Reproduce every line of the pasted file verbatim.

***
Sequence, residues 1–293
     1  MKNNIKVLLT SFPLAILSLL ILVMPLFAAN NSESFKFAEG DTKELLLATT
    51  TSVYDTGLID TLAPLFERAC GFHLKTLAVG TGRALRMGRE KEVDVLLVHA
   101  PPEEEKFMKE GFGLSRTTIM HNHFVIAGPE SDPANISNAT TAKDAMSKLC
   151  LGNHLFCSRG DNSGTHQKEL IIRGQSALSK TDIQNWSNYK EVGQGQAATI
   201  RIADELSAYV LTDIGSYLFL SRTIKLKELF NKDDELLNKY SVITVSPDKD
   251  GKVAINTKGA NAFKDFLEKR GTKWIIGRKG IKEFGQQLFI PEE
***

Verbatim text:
Sequence, residues 1–293
     1  MKNNIKVLLT SFPLAILSLL ILVMPLFAAN NSESFKFAEG DTKELLLATT
    51  TSVYDTGLID TLAPLFERAC GFHLKTLAVG TGRALRMGRE KEVDVLLVHA
   101  PPEEEKFMKE GFGLSRTTIM HNHFVIAGPE SDPANISNAT TAKDAMSKLC
   151  LGNHLFCSRG DNSGTHQKEL IIRGQSALSK TDIQNWSNYK EVGQGQAATI
   201  RIADELSAYV LTDIGSYLFL SRTIKLKELF NKDDELLNKY SVITVSPDKD
   251  GKVAINTKGA NAFKDFLEKR GTKWIIGRKG IKEFGQQLFI PEE